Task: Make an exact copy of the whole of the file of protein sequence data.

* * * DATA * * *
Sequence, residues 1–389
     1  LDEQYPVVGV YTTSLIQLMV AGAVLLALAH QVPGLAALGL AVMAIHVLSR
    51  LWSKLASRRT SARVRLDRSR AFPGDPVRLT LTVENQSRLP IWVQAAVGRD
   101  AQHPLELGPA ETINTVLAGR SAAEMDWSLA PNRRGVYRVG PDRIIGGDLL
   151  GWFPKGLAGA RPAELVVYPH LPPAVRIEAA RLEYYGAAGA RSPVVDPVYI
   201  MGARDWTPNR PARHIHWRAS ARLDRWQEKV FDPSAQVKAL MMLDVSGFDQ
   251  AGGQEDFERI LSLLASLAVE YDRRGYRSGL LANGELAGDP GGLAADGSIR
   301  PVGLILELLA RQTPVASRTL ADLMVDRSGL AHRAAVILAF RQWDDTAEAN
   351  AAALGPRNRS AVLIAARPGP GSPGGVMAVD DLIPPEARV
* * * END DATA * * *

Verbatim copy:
Sequence, residues 1–389
     1  LDEQYPVVGV YTTSLIQLMV AGAVLLALAH QVPGLAALGL AVMAIHVLSR
    51  LWSKLASRRT SARVRLDRSR AFPGDPVRLT LTVENQSRLP IWVQAAVGRD
   101  AQHPLELGPA ETINTVLAGR SAAEMDWSLA PNRRGVYRVG PDRIIGGDLL
   151  GWFPKGLAGA RPAELVVYPH LPPAVRIEAA RLEYYGAAGA RSPVVDPVYI
   201  MGARDWTPNR PARHIHWRAS ARLDRWQEKV FDPSAQVKAL MMLDVSGFDQ
   251  AGGQEDFERI LSLLASLAVE YDRRGYRSGL LANGELAGDP GGLAADGSIR
   301  PVGLILELLA RQTPVASRTL ADLMVDRSGL AHRAAVILAF RQWDDTAEAN
   351  AAALGPRNRS AVLIAARPGP GSPGGVMAVD DLIPPEARV